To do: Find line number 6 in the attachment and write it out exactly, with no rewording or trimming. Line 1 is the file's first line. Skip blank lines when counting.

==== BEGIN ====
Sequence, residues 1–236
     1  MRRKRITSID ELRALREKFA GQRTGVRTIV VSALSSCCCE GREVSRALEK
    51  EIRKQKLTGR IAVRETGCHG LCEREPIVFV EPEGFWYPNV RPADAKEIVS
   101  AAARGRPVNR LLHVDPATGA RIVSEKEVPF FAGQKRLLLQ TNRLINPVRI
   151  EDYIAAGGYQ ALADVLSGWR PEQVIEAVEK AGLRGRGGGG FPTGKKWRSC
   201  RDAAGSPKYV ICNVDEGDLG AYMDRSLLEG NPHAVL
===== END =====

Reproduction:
   201  RDAAGSPKYV ICNVDEGDLG AYMDRSLLEG NPHAVL